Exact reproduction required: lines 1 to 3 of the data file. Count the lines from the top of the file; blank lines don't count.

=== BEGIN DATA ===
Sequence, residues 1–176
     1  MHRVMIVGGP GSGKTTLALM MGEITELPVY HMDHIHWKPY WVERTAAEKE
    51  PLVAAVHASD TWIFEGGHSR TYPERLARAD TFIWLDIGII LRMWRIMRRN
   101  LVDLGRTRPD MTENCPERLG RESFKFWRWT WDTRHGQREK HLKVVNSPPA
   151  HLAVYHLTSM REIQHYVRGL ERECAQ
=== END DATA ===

Sequence, residues 1–176
     1  MHRVMIVGGP GSGKTTLALM MGEITELPVY HMDHIHWKPY WVERTAAEKE
    51  PLVAAVHASD TWIFEGGHSR TYPERLARAD TFIWLDIGII LRMWRIMRRN